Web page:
The curve of credit mobility, which had remained flat for several years, is on the rise again, as more students in the US and in Europe are studying abroad as part of their home degree, a trend that is still rather small elsewhere.
At the same time, the average length of the study abroad period has shortened further in 2015. According to the Open Doors report by the Institute of International Education, as many as two-thirds of US students go for a period shorter than eight weeks.
Internationalisation for all
The increase of study abroad opportunities is still being driven by the long-term or short-term political and economic purposes of governments and institutions of higher education.
In itself there is nothing wrong with the call for more study abroad, both for credits and degrees. But what has become clear is that the impact of these forms of mobility will remain minor: in the first place, because only a minority of students will benefit from these types of mobility and, in the second place, because their integration and interaction with local students stays minimal despite institutions’ best efforts.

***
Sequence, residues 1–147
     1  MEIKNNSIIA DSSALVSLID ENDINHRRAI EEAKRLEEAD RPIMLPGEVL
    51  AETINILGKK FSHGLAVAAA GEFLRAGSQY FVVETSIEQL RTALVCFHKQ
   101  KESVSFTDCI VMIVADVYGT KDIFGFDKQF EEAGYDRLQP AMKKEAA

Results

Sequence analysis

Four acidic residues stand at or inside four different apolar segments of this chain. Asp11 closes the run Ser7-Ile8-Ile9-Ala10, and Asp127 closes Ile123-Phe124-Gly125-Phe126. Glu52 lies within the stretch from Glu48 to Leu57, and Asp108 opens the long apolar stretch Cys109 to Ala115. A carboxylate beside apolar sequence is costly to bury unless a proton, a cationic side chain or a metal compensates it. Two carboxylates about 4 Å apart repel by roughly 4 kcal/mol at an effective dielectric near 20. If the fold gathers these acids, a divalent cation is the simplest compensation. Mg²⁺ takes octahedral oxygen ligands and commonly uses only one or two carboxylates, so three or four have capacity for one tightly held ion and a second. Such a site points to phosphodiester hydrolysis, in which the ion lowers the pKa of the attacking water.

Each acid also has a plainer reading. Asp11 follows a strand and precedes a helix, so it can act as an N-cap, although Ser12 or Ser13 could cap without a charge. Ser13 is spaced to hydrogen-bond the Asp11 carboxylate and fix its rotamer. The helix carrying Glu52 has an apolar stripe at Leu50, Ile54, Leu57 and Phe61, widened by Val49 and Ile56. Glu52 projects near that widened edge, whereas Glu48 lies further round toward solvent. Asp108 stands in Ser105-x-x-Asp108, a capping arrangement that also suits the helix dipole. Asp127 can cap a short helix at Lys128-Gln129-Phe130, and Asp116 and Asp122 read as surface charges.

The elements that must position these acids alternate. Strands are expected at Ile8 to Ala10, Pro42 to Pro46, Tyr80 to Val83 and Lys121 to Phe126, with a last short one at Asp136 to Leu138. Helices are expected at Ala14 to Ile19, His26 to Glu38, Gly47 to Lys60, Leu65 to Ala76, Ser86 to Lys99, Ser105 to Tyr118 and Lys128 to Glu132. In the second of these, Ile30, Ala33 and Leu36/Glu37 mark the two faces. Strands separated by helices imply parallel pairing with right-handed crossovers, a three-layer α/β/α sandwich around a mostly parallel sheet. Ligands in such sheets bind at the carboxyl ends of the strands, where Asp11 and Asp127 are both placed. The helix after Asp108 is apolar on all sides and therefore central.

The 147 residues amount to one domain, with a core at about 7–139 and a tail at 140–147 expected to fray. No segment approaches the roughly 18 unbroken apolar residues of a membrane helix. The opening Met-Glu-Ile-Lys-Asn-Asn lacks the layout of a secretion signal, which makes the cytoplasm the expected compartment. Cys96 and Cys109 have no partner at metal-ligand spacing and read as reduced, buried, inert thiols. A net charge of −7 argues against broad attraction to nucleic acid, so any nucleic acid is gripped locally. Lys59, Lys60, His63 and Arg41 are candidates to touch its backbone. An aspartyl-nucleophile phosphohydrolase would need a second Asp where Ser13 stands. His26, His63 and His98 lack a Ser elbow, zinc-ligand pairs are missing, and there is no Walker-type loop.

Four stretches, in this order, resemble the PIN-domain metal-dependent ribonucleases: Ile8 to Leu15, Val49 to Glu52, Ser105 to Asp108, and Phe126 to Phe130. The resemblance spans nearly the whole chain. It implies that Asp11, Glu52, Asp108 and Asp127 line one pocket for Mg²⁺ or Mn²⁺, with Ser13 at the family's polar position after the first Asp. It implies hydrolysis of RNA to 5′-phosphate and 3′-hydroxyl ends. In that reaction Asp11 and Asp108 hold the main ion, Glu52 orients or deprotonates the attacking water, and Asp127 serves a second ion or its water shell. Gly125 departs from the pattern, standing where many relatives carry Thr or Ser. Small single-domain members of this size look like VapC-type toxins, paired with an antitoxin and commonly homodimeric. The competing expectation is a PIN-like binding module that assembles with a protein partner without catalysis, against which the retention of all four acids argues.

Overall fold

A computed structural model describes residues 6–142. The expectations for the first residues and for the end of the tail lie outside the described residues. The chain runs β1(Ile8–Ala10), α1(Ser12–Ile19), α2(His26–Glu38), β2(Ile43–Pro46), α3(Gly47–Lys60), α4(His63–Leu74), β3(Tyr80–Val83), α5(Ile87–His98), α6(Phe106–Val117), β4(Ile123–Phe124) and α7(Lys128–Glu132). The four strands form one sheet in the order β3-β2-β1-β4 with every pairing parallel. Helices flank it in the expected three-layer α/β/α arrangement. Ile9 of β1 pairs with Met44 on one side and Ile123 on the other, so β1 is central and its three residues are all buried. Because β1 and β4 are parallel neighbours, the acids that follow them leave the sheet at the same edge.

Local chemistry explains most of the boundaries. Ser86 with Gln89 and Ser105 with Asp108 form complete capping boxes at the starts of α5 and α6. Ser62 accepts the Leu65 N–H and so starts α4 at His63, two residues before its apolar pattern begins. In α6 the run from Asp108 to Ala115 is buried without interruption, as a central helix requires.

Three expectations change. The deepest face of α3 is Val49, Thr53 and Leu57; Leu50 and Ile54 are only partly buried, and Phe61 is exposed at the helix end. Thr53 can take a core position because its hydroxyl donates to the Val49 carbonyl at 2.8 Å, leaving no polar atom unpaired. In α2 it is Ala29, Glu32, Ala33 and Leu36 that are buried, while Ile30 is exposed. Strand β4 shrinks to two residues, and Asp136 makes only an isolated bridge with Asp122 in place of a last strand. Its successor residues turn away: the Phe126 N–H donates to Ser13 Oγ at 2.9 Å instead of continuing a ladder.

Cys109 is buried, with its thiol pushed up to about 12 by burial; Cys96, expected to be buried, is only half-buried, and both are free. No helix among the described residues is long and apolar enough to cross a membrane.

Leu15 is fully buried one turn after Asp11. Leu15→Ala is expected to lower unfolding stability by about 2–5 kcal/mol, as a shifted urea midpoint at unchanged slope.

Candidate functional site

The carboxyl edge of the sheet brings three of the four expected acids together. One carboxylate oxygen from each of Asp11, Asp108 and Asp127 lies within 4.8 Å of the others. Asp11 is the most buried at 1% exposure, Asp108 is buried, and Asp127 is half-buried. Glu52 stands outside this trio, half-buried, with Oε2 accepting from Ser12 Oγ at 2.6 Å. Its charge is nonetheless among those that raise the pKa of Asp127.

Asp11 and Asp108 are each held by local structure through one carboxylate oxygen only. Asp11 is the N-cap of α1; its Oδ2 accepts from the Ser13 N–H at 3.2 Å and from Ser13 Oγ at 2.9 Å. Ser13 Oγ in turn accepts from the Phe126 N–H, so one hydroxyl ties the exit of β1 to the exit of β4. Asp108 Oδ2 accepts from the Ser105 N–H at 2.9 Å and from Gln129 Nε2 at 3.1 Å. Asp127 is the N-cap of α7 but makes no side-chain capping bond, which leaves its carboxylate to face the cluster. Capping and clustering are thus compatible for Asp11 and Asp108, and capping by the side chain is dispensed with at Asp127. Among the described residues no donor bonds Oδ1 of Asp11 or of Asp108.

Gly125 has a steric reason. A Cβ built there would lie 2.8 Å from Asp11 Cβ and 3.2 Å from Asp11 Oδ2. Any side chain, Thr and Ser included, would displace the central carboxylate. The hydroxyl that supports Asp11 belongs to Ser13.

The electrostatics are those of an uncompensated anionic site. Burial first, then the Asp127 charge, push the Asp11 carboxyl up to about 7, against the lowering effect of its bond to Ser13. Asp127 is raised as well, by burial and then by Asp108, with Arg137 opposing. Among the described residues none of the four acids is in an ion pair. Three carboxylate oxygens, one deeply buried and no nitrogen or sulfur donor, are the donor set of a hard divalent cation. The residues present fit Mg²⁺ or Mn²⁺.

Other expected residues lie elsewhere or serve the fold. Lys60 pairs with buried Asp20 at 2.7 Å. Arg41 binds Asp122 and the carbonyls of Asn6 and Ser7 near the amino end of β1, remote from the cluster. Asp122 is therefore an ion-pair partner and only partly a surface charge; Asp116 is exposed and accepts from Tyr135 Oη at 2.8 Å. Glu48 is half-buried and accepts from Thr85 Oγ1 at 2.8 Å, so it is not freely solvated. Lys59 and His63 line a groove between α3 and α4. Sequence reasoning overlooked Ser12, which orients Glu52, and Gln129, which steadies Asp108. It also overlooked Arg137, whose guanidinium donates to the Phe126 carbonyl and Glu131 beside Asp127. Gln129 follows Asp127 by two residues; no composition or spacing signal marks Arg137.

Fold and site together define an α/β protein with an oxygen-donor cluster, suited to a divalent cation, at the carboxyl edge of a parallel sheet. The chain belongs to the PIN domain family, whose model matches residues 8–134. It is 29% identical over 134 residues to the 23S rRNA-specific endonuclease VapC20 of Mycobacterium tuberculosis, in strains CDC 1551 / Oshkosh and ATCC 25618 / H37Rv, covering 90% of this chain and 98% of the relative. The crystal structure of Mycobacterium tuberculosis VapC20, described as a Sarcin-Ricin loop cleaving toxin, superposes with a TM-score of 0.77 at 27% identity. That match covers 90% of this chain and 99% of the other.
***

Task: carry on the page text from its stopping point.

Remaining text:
It is for that reason that there was an even greater call in 2015 than before to shift the focus of internationalisation towards a policy that embraces all students and staff.
This is expressed clearly in the updated definition of internationalisation in the 2015 study Internationalisation of Higher Education, commissioned by the European Parliament, as “the intentional process of integrating an international, intercultural or global dimension into the purpose, functions and delivery of post-secondary education, in order to enhance the quality of education and research for all students and staff, and to make a meaningful contribution to society”.
This definition, as I stated in a University World News article, reflects the increased awareness that internationalisation has to become more inclusive and less elitist by not focusing predominantly on mobility, but more on the curriculum and learning outcomes.